QRHDoes my frequency vary?Your frequency varies.
QRIHow is the tone of my transmission?The tone of your transmission is (1: good, 2: variable 3: bad)
QRKWhat is the readability of my signals (or those of …)?The readability of your signals (or those of …) is … (1: bad .. 5: excellent).
QRLAre you busy?I am busy. (or I am busy with … ) Please do not interfere.
QRMDo you have interference?I have interference.
QRNAre you troubled by static noise?I am troubled by static noise.
QROShall I increase transmit power?Please increase transmit power.
QRPShall I decrease transmit power?Please decrease transmit power.
QRQShall I send faster?Please send faster (… words per minute).
QRSShall I send more slowly?Please send more slowly (… words per minute).
QRTShall I cease or suspend operation?I am suspending operation.
QRUHave you anything for me?I have nothing for you.
QRVAre you ready?I am ready.
QRXShall I standby? / When will you call me again?Please standby. / I will call you again at … (hours) on … kHz (or MHz).
QRZWho is calling me?You are being called by … (on … kHz (or MHz)).
QSAWhat is the strength of my signals (or those of … )?The strength of your signals (or those of …) is … (1: very weak .. 5: very strong).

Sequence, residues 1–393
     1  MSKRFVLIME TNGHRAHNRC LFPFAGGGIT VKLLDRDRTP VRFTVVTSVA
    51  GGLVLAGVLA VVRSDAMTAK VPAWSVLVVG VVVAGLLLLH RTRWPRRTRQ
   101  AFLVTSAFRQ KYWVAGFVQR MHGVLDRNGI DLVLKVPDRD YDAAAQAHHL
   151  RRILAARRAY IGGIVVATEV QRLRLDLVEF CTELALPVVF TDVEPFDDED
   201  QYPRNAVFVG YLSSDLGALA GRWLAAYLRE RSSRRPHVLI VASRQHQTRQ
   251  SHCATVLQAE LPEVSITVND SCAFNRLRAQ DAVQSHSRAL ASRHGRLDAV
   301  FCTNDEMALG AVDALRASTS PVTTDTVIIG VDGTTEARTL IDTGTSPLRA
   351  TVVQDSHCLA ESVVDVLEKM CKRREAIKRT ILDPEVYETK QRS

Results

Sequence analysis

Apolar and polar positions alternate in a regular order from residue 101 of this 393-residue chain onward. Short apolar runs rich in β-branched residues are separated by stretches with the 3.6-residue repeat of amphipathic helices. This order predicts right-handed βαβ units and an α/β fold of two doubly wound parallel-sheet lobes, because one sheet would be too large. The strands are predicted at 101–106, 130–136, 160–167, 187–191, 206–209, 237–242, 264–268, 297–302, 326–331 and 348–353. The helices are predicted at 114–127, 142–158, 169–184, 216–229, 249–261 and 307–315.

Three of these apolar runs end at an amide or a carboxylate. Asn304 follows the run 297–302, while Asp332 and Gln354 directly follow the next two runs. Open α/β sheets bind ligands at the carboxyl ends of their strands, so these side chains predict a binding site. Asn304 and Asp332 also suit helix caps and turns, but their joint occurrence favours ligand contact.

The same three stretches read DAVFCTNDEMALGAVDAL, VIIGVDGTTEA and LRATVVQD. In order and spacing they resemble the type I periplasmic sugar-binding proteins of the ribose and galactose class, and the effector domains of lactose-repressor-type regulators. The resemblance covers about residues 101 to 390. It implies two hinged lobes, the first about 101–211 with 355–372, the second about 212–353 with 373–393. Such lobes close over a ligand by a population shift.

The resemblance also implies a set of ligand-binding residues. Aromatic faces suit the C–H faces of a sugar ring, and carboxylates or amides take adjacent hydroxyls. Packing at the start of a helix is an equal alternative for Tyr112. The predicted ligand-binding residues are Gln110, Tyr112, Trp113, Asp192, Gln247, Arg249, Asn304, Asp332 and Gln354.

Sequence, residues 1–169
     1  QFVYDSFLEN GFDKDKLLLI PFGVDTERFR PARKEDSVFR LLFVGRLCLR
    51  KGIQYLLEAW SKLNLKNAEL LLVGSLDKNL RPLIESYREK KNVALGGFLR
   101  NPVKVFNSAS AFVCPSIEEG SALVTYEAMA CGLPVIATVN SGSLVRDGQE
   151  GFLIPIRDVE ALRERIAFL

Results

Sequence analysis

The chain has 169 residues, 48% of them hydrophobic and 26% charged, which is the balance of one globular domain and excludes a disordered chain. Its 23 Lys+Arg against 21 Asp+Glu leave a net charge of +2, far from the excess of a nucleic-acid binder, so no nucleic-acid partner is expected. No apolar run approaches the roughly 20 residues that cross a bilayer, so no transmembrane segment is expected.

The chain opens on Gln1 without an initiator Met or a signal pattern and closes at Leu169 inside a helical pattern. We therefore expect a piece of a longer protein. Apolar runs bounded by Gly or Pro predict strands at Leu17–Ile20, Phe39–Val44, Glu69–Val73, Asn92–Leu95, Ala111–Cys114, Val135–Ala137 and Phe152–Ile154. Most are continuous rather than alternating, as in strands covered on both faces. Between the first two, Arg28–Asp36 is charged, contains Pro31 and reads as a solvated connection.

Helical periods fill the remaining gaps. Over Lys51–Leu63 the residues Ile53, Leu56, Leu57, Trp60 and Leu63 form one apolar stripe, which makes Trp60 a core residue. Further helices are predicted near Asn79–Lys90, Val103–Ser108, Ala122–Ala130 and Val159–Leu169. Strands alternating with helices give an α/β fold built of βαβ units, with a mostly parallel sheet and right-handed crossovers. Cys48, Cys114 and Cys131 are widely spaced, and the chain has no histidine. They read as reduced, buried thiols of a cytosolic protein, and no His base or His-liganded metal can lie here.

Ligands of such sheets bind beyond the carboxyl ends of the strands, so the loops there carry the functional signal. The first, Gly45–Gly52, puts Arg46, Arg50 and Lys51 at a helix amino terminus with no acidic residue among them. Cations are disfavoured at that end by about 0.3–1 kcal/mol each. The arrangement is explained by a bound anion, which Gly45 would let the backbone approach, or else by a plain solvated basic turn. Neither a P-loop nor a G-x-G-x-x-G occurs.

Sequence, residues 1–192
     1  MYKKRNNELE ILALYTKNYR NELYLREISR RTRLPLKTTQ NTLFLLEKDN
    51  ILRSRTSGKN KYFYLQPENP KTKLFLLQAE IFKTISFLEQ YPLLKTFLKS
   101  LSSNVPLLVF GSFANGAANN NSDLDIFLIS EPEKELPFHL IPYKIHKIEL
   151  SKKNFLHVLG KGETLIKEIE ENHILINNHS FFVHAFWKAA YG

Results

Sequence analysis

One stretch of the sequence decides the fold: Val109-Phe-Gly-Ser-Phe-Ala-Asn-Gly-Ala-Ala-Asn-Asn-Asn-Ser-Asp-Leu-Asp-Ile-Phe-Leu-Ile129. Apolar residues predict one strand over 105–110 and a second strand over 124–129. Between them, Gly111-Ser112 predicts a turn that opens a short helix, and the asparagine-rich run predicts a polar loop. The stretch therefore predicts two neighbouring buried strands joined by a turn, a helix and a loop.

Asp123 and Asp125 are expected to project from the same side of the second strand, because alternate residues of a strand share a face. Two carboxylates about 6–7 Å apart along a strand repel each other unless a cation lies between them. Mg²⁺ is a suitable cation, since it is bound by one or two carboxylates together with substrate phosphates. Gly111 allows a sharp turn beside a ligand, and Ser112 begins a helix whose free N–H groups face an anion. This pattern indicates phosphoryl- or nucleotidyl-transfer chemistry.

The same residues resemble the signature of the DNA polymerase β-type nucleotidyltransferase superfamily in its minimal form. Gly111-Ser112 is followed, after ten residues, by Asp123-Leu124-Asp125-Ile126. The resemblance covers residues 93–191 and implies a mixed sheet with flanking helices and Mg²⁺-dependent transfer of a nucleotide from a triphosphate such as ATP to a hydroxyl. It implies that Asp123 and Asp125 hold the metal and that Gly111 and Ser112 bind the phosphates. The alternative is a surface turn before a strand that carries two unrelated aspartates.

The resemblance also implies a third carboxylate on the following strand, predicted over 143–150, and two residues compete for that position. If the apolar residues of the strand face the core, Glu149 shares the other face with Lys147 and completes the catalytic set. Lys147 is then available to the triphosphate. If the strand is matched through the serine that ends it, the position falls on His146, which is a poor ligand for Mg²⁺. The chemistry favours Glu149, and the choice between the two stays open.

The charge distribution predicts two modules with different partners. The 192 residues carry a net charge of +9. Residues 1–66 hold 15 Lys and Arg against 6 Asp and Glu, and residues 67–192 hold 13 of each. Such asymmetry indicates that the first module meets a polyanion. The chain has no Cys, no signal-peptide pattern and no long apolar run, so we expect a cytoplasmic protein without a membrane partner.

QSBAre my signals fading?Your signals are fading.
QSDIs my keying defective?Your keying is defective.
QSKCan you hear me between your signals (while transmitting), and if so can I break in on your transmission?I can hear you between my signals (while transmitting); break in on my transmission.
QSLCan you acknowledge receipt?I am acknowledging receipt.
QSMShall I repeat the last telegram (message) which I sent you, or some previous telegram (message)?Repeat the last telegram (message) which you sent me (or telegram(s) (message(s)) numbers(s) …).
QSNDid you hear me (or …) on … kHz (or MHz)?I did hear you (or …) on … kHz (or MHz).
QSOCan you communicate with … direct or by relay?I can communicate with … direct (or by relay through …).
QSPWill you relay a message to …?I will relay a message to … .
QSSWhat working frequency will you use?I will use … kHz (or MHz).
QSUShall I send or reply on this frequency (or on … kHz (or MHz))?Please send or reply on this frequency (or on … kHz (or MHz)).
QSVShall I send a series of “V” on this frequency (or on … kHz (or MHz))?Please send a series of “V” on this frequency (or on … kHz (or MHz)).
QSXWill you listen to … on … kHz (or MHz)?I am listening to … on … kHz (or MHz).
QSYShall I change transmission frequency (to … kHz (or MHz))?Please change transmission frequency (to … kHz (or MHz)).
QSZShall I send each word or group more than once?Send each word or group twice (or … times).
QTCHow many telegrams (messages) have you to send?I have … telegrams (messages) for you (or for …).
QTHWhat is your position in latitude and longitude (or according to any other indication)?My position is … latitude, … longitude.
QTRWhat is the correct time?The correct time is … hours.